Showing posts from September, 2016

Misconceptions about cultural appropriation

I have now written several articles on cultural appropriation . When people comment on articles on this topic, I have observed several recurring themes. Cultural silos Frequently, people assume that talk of cultural appropriation means that no-one can ever use an idea from another culture.  This would rule out situations of cultural fusion , where two cultures which are on an equal footing come together to create a new amalgam of ideas, music, cuisine, or ritual. It would also rule out cultural exchange , where two cultures on an equal footing acquire new ideas, practices, or rituals from each other. These situations are clearly not problematic, because the two cultures are on an equal footing. The key feature here is the equality of the cultures. People also talk as if those who are trying to draw attention to the issue of cultural approppriation are behaving as though culture is a monolith or silo, where nothing can ever be transferred from one culture to another. Obviously, t

Recommended reading - Pagan & Wiccan

 This is my list of recommended reading for beginners. Many other lists are available. If you don't like my list, make your own. I have tried to keep the list fairly short, so as not to overwhelm you with a great long shopping list. My recommendation would be to read widely and deeply, noting what you agree with, what riles you, and what attracts you. You don't have to agree with everything you read. Rather you should engage with it, see how it affects you, think about any issues it raises for you. I have always had trouble with books that have exercises in them, because I tend to think, "Oh yes I will do that exercise later" and I either skip over it and never come back to it, or put the book down and never finish it. Pagan books The Art of Conversation with the Genius Loci , by Barry Patterson I have often said to people that if they only ever read one book on Paganism, it should be this one. It is all about how to engage with the landscape you live in, and

A Queer Pagan Reading List

Here are a bunch of books for the LGBTQ Pagan reader. I have either read these and can recommend them, or I have read another book by the same author, and can therefore recommend the ones on this list. Collection of some Contemporary Pagan & Male Nude Sculptures created by Malcolm Lidbury (Own work) [ CC BY-SA 3.0 ],  via Wikimedia Commons Gay Blossom of Bone – Reclaiming the Connections Between Homoeroticism and the Sacred – Randy P. Conner Coming Out Spiritually: The Next Step – Christian de la Huerta The Fire in Moonlight: Stories from the Radical Faeries – Mark Thompson Gay Body: A Journey Through Shadow To Self – Mark Thompson Gay Soul – Mark Thompson Gay Spirit: Myth and Meaning – Mark Thompson The Path Of The Green Man: Gay Men, Wicca and Living a Magical Life – Michael Thomas Ford Inclusive All Acts of Love & Pleasure: Inclusive Wicca – Yvonne Aburrow Chaos Craft by Julian Vayne and Steve Dee Eros and Touch from a Pagan Perspective:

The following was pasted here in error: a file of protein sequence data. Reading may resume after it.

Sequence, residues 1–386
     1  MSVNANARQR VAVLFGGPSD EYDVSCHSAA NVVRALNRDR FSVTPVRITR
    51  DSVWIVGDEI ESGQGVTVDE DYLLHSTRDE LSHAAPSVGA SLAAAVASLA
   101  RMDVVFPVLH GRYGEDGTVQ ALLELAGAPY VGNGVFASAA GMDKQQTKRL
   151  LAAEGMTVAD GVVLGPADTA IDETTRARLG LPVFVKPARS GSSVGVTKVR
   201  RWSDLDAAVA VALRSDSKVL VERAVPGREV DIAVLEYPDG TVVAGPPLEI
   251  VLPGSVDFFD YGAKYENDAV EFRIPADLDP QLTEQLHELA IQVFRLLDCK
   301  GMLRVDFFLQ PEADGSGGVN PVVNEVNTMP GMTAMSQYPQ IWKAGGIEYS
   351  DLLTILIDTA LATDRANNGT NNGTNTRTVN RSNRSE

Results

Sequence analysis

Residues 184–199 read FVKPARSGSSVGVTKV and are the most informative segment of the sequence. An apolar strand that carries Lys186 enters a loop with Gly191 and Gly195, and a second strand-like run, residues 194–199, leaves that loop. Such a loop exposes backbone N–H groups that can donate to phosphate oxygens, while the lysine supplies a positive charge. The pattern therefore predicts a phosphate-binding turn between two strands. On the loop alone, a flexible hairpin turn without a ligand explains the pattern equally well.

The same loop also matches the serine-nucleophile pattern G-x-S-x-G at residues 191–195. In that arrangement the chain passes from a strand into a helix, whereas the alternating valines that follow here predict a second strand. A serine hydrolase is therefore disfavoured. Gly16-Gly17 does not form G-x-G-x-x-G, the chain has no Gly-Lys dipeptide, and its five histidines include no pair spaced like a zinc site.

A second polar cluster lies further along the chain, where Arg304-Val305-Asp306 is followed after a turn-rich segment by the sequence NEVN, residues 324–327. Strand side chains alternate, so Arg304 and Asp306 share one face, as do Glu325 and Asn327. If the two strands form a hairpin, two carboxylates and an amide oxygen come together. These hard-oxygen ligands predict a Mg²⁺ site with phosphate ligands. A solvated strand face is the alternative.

"Good" people do bad things: statement on the Frosts

There is absolutely no excuse, ever, for advocating the molestation of children. Even in the 1970s, when some people were apparently rather confused about the boundaries of what consent was, the majority view was that sex between children and adults was always wrong. Therefore, there is no excuse for the publication of chapter 4 of the book by Gavin and Yvonne Frost which claimed to be about Wicca, which advocated for the sexual molestation of minors. If they had repudiated the chapter and apologised for its inclusion and tried to do something to make reparation for its consequences, perhaps there might be a reason to rehabilitate them, cautiously. But they never did apologise or repudiate it or seek to make reparation for it. (They did say that it didn't apply to people under 18, but what they advocated is abusive even if it involves people over 18, and it was 40 years before they even did that, despite numerous people in the Pagan community strongly rejecting what they wrot